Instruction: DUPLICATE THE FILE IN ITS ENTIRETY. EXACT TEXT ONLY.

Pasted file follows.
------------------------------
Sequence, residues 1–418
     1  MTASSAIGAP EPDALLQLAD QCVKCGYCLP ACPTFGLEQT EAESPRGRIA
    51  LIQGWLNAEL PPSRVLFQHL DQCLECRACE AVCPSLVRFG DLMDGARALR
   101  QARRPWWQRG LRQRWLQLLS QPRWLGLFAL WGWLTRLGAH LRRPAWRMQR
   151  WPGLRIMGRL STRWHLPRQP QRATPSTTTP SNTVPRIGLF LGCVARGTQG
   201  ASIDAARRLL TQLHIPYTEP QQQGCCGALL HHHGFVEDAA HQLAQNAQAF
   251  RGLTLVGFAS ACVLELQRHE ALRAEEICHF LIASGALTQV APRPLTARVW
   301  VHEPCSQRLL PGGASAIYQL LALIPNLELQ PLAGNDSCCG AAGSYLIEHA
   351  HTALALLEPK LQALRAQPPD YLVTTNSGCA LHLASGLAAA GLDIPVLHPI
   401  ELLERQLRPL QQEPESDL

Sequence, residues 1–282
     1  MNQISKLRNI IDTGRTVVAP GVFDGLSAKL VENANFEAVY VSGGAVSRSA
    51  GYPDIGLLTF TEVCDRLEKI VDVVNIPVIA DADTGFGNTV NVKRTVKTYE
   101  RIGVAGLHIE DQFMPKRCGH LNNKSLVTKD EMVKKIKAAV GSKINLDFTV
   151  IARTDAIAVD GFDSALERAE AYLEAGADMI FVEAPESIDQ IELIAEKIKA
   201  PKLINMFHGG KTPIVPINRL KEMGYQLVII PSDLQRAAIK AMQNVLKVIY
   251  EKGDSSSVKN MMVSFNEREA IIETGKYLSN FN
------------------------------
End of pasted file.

Sequence, residues 1–418
     1  MTASSAIGAP EPDALLQLAD QCVKCGYCLP ACPTFGLEQT EAESPRGRIA
    51  LIQGWLNAEL PPSRVLFQHL DQCLECRACE AVCPSLVRFG DLMDGARALR
   101  QARRPWWQRG LRQRWLQLLS QPRWLGLFAL WGWLTRLGAH LRRPAWRMQR
   151  WPGLRIMGRL STRWHLPRQP QRATPSTTTP SNTVPRIGLF LGCVARGTQG
   201  ASIDAARRLL TQLHIPYTEP QQQGCCGALL HHHGFVEDAA HQLAQNAQAF
   251  RGLTLVGFAS ACVLELQRHE ALRAEEICHF LIASGALTQV APRPLTARVW
   301  VHEPCSQRLL PGGASAIYQL LALIPNLELQ PLAGNDSCCG AAGSYLIEHA
   351  HTALALLEPK LQALRAQPPD YLVTTNSGCA LHLASGLAAA GLDIPVLHPI
   401  ELLERQLRPL QQEPESDL

Sequence, residues 1–282
     1  MNQISKLRNI IDTGRTVVAP GVFDGLSAKL VENANFEAVY VSGGAVSRSA
    51  GYPDIGLLTF TEVCDRLEKI VDVVNIPVIA DADTGFGNTV NVKRTVKTYE
   101  RIGVAGLHIE DQFMPKRCGH LNNKSLVTKD EMVKKIKAAV GSKINLDFTV
   151  IARTDAIAVD GFDSALERAE AYLEAGADMI FVEAPESIDQ IELIAEKIKA
   201  PKLINMFHGG KTPIVPINRL KEMGYQLVII PSDLQRAAIK AMQNVLKVIY
   251  EKGDSSSVKN MMVSFNEREA IIETGKYLSN FN